Taliban forces pepper sprayed a group of women’s rights protesters in Kabul—one of many violent acts waged against Afghans since the collapse of the government in August 2021.
The Taliban’s taking control of Afghanistan has led to humanitarian crisis in the country. Afghan citizens now face widespread hunger; extensive poverty; violence, including a cracking down on women’s rights; and a crippled economy, caused in part by the widespread dismissal of women from most workplaces and schools. “It’s the sheer levels of desperation that we’re seeing in people. The humanitarian situation seems to be going from bad to worse,” said Vicki Aiken, Afghanistan director of the International Rescue Committee.
The brave and courageous women of Afghanistan today protested in Kabul for justice of Zainab who was killed by the Taliban and for the recovery of Alia Azizi who went missing by the Taliban. Taliban sprayed tear gas and pepper on them. It is a shame to attack on women like this. pic.twitter.com/k5gToNqMr7— Ihtesham Afghan (@IhteshamAfghan) January 16, 2022
In response to the desperate state of affairs in the region, Afghan women activists gathered in front of Kabul University on Sunday, Jan. 16 demanding the right to work and receive an education. The demonstrators also decried the fatal shooting of Zainab Abdullahi at a Taliban checkpoint and the disappearance of Herat women’s prison manager Alia Azizi—both of whom are Hazaras, a minority ethnic group that has been targeted by the Taliban—as well as the alleged torturing of women protesters in Mazar-e-Sharif, the fourth largest city in Afghanistan.
The protesters chanted “equality and justice” and carried banners that read “women’s rights, human rights.” The protest was soon ended by the Taliban fighters who harassed and ultimately pepper sprayed the women protesters.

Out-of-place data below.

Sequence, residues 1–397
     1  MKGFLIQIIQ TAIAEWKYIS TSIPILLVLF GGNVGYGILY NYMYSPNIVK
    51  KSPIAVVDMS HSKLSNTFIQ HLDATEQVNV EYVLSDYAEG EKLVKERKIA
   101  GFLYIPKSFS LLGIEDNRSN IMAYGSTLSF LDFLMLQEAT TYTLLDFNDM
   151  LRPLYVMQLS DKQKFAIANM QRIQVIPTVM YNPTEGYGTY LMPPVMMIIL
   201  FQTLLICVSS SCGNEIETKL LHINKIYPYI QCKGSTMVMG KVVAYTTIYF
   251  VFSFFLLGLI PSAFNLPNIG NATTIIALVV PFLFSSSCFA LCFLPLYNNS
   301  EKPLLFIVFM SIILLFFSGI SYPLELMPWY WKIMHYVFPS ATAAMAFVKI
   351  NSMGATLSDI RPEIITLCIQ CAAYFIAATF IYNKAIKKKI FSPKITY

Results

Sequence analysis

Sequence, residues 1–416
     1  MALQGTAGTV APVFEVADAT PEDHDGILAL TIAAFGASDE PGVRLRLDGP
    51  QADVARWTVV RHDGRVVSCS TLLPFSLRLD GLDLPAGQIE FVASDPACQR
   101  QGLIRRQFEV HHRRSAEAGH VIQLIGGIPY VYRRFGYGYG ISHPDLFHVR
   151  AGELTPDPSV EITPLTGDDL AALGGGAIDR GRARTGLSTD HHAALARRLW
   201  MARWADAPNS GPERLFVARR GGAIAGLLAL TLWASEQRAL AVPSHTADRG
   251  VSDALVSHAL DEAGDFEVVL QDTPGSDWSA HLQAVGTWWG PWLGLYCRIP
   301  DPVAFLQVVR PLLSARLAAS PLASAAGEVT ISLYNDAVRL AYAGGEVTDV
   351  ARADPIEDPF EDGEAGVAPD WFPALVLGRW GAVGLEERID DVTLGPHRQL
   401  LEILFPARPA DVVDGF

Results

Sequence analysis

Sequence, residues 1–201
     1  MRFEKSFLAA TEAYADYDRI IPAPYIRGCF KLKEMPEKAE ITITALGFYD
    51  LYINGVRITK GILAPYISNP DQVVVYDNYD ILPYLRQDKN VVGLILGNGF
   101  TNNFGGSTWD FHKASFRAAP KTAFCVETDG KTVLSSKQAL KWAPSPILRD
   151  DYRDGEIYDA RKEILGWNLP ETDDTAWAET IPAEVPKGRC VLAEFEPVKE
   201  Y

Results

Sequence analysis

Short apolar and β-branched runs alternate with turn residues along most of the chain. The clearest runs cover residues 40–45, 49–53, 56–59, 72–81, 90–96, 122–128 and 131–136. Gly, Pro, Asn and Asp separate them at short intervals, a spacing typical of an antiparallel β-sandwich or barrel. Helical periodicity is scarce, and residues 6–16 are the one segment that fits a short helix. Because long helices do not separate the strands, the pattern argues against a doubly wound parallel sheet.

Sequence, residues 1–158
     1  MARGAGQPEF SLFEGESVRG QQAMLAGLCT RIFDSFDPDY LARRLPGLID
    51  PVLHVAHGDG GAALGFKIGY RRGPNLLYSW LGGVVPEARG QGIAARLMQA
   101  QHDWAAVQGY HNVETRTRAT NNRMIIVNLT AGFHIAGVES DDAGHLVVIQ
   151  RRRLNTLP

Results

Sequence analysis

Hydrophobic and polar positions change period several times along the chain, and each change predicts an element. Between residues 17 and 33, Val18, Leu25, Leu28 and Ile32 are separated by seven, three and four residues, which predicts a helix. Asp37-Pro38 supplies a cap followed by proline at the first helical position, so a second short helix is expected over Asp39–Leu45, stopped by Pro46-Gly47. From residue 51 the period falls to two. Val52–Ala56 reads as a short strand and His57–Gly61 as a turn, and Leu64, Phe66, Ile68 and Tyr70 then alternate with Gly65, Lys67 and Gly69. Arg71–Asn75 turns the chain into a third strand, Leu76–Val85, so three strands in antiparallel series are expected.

“When we were near Kabul University, three Taliban vehicles came, and fighters from one of the vehicles used pepper spray on us,” said one woman, who asked not to be named for security reasons. “My right eye started to burn. I told one of them: ‘Shame on you,’ and then he pointed his gun at me.”
One of the women was taken to hospital after the spray caused an allergic reaction in her eyes and face. Journalists were also asked to leave the scene and a man’s mobile phone was taken by the Taliban because he was filming the demonstration.
Since the collapse of the Afghan government in August 2021, Taliban authorities have removed women and girls from public employment and public universities. Women are no longer allowed to pursue an education post elementary school.
Last week’s protest followed another earlier this month, in which a group of women took to streets of Kabul to rally against new restrictions imposed on them by the Ministry of Virtue and Vice after the Taliban installed posters in some parts of Kabul demanding women to wear burqa or niqab and not allowing women to travel long distances without a male guardian. Videos shared on social media also show that women are writing slogans on Kabul walls at night to show their refusal to obey and defiance toward Taliban’s forced restrictions.
“I am a woman and I am mahram to myself,” said Shabana Shabdiz, one protester. Mahram refers to a close male family member, husband, father, brother, uncle, whom a woman is not obligated to cover up around.
“In this march, we ask for our rights to education and employment from the current rulers,” said Shahla Arifi, another protester. The women also urged the world not to remain silent about the Taliban especially when it comes to women and their basic human rights.